Thursday, November 10, 2011
Biblical Languages and Gender
From James Taranto’s column at the Wall Street Journal on
October 27, 2011:
“One of the things we most loathe about feminism is its effect on the language. Self-appointed feminist language cops make a pretense of aiming for "gender neutrality," but in fact their aim is to make language ugly and unnatural so that you constantly have to think about their ideology. When the traditional terms are gender-neutral, such as "chairman," they insist on changing them ("chairwoman" or "chair"). Only when the traditional terms are gendered do they want to neutralize them, such as calling actresses "actors."”
This move toward forcing general English usage into “gender neutrality” has been going on for nearly half a century. It is rampant in colleges and universities and other centers of higher education. Academic publishing is replete with it. In many cases, academic journals or book publishers indicate that submitted manuscripts must be written in gender-neutral language. “Man” is not acceptable unless you are referring specifically to a human male. “Mankind” is not acceptable under any condition. You must use “humankind” instead. And this is simply the tip of the iceberg.
Unfortunately, this movement has profoundly affected the Bible translation business. Even the translators (or perhaps editors) of the
ESV, which is not a gender-neutral translation, felt compelled
to add a footnote saying “Or brothers and sisters” everywhere the Greek
New Testament reads adelphoi (traditionally translated “brothers” or
“brethren”), just to make sure no one felt left out.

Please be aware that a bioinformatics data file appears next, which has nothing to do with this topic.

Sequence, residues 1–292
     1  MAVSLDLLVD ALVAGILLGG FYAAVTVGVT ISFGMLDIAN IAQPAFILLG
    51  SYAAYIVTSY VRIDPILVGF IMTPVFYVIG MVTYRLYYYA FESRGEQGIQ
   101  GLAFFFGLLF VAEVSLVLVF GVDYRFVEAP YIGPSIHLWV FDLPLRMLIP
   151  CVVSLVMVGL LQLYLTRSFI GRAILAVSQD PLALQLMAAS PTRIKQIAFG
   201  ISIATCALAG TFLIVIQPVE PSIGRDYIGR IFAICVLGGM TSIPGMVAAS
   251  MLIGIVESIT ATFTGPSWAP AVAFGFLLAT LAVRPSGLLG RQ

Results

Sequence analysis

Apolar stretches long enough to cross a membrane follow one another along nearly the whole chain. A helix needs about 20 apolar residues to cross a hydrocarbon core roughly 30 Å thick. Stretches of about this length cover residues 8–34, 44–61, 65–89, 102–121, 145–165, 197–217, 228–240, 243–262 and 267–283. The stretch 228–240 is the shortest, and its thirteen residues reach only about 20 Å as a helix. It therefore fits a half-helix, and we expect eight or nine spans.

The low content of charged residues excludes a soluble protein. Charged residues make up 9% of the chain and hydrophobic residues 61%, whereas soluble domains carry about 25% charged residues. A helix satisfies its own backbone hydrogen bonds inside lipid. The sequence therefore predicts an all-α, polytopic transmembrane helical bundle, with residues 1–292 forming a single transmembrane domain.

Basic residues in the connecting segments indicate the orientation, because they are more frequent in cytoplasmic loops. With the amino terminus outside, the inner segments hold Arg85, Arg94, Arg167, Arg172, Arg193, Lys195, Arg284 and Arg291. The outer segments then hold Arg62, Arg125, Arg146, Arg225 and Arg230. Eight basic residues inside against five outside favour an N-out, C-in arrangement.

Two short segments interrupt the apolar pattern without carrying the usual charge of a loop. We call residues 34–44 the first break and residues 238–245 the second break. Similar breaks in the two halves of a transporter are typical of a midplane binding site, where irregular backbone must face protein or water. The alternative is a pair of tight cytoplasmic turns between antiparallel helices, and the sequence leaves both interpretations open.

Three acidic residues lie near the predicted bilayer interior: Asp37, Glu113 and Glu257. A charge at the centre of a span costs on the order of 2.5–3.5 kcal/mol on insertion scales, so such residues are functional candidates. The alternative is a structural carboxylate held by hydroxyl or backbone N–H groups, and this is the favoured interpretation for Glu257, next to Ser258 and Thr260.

From my perspective, there are two fundamental problems with this enforced move to “gender neutrality” of “gender inclusiveness.” First, it is a politically motivated corruption of language. I will not go into that here, but I suggest you find a copy of George Orwell’s essay “Politics and the English Language” and read it carefully. Then reread 1984. Then ask yourself if this is the kind of world you really want to live in. The second problem is that it also corrupts the biblical languages, and makes it more difficult for the reader to actually hear what the Bible is saying.
For those who don’t know anything about New Testament Greek or Old Testament Hebrew, I want to give you a little background, starting with English. First, gender is a grammatical category, not a sex category, though that distinction has been corrupted over the last half-century. English nouns, adjectives, and verbs do not have gender. In practical terms that means that you do not use a different form of “say” with “Susie said” than you do with “John said.” It also means that you don’t use a different form of “green” when you say “Susie was green with envy” than you do when you say “John was green with envy.”
In New Testament Greek, any noun belongs to one of three genders (again, remember this is a matter of grammar, not of sex): masculine, feminine, or neuter. Adjectives may appear in any of the three genders, but they have to correspond to (grammarians usually speak of “being in agreement with”) the gender of the noun they modify. So if you want to say “green tree” you have to use a neuter form of the adjective “green” because the noun dendrov (tree) is neuter. On the other hand, if you wanted to say “a little green man” you would have to use masculine forms of “little” and “green” because the two nouns in Greek usually translated “man” are both masculine in gender. Greek verbs, like English verbs, do not have gender.
Next time we will talk about Hebrew and then move on to how these things affect the way we read our English Bibles and how we are to understand them.